Kimberly Antonakos was beautiful and she knew it. The 20-year-old daughter of a rich Greek-American family, know that in New York, wealth and beauty could buy a good time, and in the late winter of 1995, she was concentrating on living life to the full. During the day she studied business management at New York University, at night she was out until the early hours, clubbing and partying with a succession of handsome boyfriends.
When she dated someone and it didn't click — when she realised that she wasn't in love — she would swiftly move on. She wanted to have fun, to be in control, and some men couldn't handle that. They couldn't accept rejection from a woman. One who couldn't was Jay Negron, a 22-year-old out-of-work waiter, who had been dumped by Kim after a passionate affair lasting two months. "I hope we can still be friends," she had said when she gave him his marching orders, but Jay Negron would not forgive so easily. He loved Kim Antonakos, and had hoped to marry her. She was the best thing that had ever happened to him. Now his future had disintegrated, he was left with a lonely longing which would turn to cold hatred.
A few weeks later, Kim had forgotten about Jay Negron. She did not know that waiting was only a front for his real job. Nor could she have imagined that when she set out in her new white Honda at 11.30pm on March 1 — Ash Wednesday — for a Manhattan dancing club, that she would never see the light of day again. It was after 2.30am when Kim Antonakos returned alone to her apartment on New York's 87th Street, a three-roomed flat bought by her father and with its own basement garage with an automatic door.
She slowed down and activated the garage door which slowly opened in front of her. She hadn't noticed that two men had climbed out of a parked car and were now running towards her. As Kim drove the car into the garage, the men slipped in on either side as the door automatically closed. Kim switched off the engine and opened the car door. She had no idea she was not alone.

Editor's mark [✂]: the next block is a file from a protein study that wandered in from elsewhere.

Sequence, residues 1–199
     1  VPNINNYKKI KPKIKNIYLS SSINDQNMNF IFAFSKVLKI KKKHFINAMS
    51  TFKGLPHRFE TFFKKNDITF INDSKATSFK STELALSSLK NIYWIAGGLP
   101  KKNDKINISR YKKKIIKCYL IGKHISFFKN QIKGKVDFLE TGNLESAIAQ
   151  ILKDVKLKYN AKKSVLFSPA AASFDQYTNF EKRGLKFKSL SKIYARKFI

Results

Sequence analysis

The heavy garage door muffled her screams from the outside world, but forensic tests later showed that Kim had fought fiercely as the men dragged her out of the car and on to the garage floor. Her attackers then bound Kim's mouth and eyes with two-inch wide sticky tape, trussed her with rope and threw her into the boot of her own car.
She was then driven out of New York into the neighbouring district of Queen's and carried into an empty basement of East 81st Street where she was robbed of her money and jewellery and, her eyes and mouth still taped, thrown into the corner of a damp outhouse. Kim was to be left there in freezing conditions without food or water, for the next three days.
Meanwhile her kidnappers were busy on the phone. Next morning Kim's father, millionaire Tommy Antonakos, found eight identical messages on his answerphone. If he wanted to see his daughter again, he must arrange to pay her abductors $100,000. Tommy Antonakos went to the police and within hours a major hunt was in progress. Hearing the news on TV, the kidnappers panicked. Their plot had failed. Tommy Antonakos had made it clear he had no intention of paying the ransom. The kidnappers decided to cut their losses and let Kim go. But it was to be another two days before they returned to the basement on East 81st Street. At midnight on March 4, three of the gang returned to the basement. It had been snowing and the temperature in the outhouse was three below freezing when a flashlamp was shone on the huddled figure in the corner.
Kim Antonakos was apparently dead. A combination of suffocation, shock and hypothermia appeared to have resulted in a lonely agonising death. Now her killers had to decide what to do with the body. They agreed to burn the building down. An hour later they had soaked the basement in petrol and set fire to it. The full horror of the situation would only be revealed later when the body was subject to forensic examination. Kim Ant